DS: The food situation is a complicated one. For one thing WFP has been providing food to many different camps for many months. The normal procedure of the WFP and in any international programme is to try to encourage IDPs to try to stand on their own to the extent possible. It is therefore natural that food distribution goes down over time in individual camps, as people find other ways to provide a living. On the other hand when there are new displacements that of course requires special measures on the part of the WFP and others to meet these sudden needs. I am satisfied that the WFP and international agencies are doing their best to meet those special needs
RD: There are about 100.000 people now in ZamZam-camp who have fled from different areas, because the government is bombing that area. These people are now in very bad situation. What do you do to send these people food or something like this.
DS: Yes, I have been to ZamZam–camp and have seen these displaced people on both sides of the camp, including on the side of the wadi which is not a good permanent place for them to be, especially as the rainy season begins. The recent estimates of the UN Humanitarian coordinator Mr. Georg Charpentier has indicated that the agencies are busy working on the issues of food and health, and sanitation issues for that particular group. It is a large group, seems to be in the nature of about 70.000 at this point. Another point related to that, however, is that the agencies are looking at ways in which they can provide services for people who are in an intermediate place, it is not a good idea for all of them to come down to ZamZam-camp since it is already a very large camp..
RD: But the security in other areas is not good
DS: It is better to provide services to people in their own area.
RD: Yes sir, but the security is not good in that area and also there is something the people in the IDP camps want to ask. Especially the people in ZamZam who spoke to Radio Dabanga. They said, that the USA and the international community made a no-fly zone for Libya. There are attacks and more bombing and attacking of people in Darfur. Why do you not go and take action like what you do in Libya to protect the civilians. And these are the civilians, thousands of civilians who have fled because of bombing and attacks of the government.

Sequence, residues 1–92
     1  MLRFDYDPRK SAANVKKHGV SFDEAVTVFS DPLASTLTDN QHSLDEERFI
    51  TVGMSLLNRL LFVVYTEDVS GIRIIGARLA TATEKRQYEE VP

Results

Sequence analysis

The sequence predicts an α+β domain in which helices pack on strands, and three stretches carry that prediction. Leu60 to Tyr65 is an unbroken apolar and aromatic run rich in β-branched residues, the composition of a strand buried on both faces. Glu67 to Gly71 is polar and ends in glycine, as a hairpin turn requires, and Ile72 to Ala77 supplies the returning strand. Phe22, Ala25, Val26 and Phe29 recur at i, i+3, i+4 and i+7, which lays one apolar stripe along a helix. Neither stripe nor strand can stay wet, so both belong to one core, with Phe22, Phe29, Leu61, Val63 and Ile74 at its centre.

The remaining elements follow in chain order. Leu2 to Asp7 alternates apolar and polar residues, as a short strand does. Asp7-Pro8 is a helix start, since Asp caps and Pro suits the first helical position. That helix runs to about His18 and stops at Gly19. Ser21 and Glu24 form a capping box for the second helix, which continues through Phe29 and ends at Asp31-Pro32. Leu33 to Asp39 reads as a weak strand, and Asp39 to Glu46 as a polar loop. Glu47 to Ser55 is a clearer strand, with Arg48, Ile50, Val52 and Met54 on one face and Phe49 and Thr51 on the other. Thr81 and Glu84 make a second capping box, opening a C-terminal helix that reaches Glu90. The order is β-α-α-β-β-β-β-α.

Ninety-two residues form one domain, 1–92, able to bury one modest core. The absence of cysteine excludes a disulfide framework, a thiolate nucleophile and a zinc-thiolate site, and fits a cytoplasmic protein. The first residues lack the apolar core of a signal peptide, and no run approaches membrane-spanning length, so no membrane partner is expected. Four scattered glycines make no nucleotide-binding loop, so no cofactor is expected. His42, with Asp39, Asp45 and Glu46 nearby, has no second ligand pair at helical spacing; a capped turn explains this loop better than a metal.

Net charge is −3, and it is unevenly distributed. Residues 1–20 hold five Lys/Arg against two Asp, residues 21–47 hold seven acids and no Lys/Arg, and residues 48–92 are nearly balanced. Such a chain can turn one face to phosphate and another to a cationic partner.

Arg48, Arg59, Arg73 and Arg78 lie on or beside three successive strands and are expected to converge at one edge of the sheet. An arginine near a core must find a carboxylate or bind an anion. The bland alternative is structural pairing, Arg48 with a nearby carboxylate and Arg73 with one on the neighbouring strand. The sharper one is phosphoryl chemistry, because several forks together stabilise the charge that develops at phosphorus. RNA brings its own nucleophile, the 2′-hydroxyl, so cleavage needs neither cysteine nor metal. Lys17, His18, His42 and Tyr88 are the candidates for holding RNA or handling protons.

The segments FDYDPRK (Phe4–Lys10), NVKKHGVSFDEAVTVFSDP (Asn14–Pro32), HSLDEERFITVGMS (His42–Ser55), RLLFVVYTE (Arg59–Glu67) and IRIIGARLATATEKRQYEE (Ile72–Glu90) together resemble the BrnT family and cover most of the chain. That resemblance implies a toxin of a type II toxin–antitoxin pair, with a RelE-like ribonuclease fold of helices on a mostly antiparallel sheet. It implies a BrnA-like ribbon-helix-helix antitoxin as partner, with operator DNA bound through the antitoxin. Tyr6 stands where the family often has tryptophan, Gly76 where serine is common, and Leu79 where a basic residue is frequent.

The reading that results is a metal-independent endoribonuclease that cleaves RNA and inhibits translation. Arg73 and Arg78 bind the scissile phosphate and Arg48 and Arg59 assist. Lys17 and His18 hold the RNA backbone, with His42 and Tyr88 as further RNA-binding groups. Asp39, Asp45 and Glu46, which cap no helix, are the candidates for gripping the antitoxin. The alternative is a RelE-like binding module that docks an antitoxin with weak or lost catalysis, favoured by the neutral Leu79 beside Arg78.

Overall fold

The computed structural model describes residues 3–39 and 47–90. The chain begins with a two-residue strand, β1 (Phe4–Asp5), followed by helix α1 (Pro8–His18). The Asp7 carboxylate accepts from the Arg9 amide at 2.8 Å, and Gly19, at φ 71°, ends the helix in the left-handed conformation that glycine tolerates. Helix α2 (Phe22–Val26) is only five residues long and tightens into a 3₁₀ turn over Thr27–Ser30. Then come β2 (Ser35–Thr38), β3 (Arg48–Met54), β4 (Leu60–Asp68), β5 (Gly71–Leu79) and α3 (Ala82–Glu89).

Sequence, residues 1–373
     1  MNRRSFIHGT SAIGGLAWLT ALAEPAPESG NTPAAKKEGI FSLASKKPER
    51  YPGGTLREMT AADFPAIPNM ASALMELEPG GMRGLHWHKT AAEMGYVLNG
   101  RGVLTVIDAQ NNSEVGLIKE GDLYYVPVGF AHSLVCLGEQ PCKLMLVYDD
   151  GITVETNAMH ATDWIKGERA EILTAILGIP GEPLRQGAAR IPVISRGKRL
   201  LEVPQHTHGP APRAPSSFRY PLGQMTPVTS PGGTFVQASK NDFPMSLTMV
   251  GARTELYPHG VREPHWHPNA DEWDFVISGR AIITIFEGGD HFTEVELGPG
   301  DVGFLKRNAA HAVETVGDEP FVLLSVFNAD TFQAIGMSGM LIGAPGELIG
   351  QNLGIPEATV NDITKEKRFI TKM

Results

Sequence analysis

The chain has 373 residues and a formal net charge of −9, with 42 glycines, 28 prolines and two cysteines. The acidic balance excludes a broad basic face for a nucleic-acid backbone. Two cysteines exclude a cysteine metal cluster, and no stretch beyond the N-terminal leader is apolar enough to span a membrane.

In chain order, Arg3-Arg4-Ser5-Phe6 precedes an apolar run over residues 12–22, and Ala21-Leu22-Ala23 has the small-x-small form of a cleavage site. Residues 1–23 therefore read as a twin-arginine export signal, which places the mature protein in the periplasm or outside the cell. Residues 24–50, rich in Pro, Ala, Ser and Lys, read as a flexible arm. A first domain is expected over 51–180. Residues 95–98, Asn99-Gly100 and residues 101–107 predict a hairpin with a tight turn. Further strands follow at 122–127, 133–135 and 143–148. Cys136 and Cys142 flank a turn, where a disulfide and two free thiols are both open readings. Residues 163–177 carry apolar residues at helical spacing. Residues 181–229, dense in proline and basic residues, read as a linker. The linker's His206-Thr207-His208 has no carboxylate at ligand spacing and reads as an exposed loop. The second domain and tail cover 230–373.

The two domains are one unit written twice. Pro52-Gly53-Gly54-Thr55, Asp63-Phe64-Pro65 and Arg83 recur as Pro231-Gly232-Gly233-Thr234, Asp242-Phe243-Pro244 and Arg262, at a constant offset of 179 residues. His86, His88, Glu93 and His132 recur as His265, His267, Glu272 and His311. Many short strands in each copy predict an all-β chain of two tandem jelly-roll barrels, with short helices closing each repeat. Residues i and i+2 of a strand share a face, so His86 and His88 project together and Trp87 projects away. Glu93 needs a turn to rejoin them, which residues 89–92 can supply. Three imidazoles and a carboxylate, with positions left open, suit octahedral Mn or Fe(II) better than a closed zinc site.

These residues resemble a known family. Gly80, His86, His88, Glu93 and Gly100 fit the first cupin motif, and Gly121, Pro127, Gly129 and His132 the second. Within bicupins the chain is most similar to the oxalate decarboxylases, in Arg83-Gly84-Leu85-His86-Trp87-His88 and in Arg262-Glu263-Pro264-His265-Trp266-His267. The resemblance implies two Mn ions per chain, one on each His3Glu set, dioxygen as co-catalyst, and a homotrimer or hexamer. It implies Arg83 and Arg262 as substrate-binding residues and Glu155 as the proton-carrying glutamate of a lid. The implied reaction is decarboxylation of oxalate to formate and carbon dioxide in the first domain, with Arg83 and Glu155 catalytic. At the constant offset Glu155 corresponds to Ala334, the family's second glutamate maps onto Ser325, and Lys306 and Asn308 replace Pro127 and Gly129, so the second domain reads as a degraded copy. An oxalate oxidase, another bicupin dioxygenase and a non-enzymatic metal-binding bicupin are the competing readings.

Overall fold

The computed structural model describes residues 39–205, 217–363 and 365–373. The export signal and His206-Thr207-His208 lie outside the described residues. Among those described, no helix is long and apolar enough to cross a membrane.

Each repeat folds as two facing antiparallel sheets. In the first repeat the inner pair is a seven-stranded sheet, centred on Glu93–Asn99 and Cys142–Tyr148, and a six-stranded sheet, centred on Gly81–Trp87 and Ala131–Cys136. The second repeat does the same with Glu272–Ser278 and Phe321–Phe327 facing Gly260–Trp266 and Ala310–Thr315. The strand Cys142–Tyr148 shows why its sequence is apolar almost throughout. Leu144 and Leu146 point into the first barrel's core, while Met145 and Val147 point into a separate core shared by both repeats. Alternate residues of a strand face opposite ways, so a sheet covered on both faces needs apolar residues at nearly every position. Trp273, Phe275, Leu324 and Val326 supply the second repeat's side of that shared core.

DS: The situation in Lybia is quite different from that in Darfur. In Libya there is chaotic situation in which the Libyan government was attacking its own people and there was no peace process in place, whereas in Darfur the international community has been engaged for a long time, particularly with UNAMID. UNAMID has now gotten pretty close to its authorized strength.
In addition to that, there has been a long serving assistance programme providing services to the IDPs and of course to the refugees on the other side of the border. And of course there is a peace process going on the Doha dicussions that I was talking about.We believe it is important for all sides to engage. Including those movements that have not been engaged in Doha. Particularly we are thinking about the SLA factions of Abdelwahid and Minni Minnawi. We encourage them to associate themselves with what is going on in Doha. I have talked to both of those leaders and we are examining other ways to be in touch with them and also what steps might be taken if these movements refuse to participate in the peace process. In other words there is an extensive process going on in Darfur which has not been the case in Libya the situations are quite different.
RD: Did you speak to the government, because there is a bombing still going on and did you speak with them to stop this?
DS: Yes, That is an excellent question, and we call upon the government to cease aerial bombing. One has to recognize that this is in part a response to military activity of the rebel movement, but we think that any aerial bombing that leads to civilian casualties is wrong, and we would like to see as an outcome of Doha, a cease fire that would go into effect in the very near future.
RD: We are going to speak at last about the Doha peace process. We read in our newspapers in Sudan, that the USA agrees to support fully the new strategy of the government towards Darfur. Is that true?
DS: What the US has said is that to follow on to the Doha process it could lead to a Darfur based consultative process, provided that it occurs on the right conditions. It would have to be a process that is very inclusive of all the key elements in Darfur. It would also have to be a process in which people could feel confident in participating without being harassed by the government. It would also require a more open situation as far as the work of international NGO’s is concerned. So we have not endorsed any government strategy for Darfur. I want to emphasize that. We have been in some conversation about a future of a consultative process in Darfur on the ground that would be internationally supervised, but we have not reached any conclusion on that. We think that the priority should be to get a good decision on a cease fire out of Doha. We want to encourage everybody to engage fully in that process. And we want to encourage the government of Sudan to show the same kind of constructive spirit it demonstrated with the 2011 referendum in Southern Sudan. We would like to see the same spirit coming out of Khartoum with respect to the Darfur peace.
RD: You spoke about referendum in the South. Yesterday president Al-Bashir announced that there will be a referendum going to take place in Darfur, for one region or a state. What is your view about this?
DS: Yes, well we believe that the referendum is an issue that should be discussed in Doha. It is subject to discussion there, it is in the text that the parties are working on. Doha, in our view, is the place where decisions should be made on the referendum. And holding a referendum should not be undertaken unilaterally, but as part of the Doha process.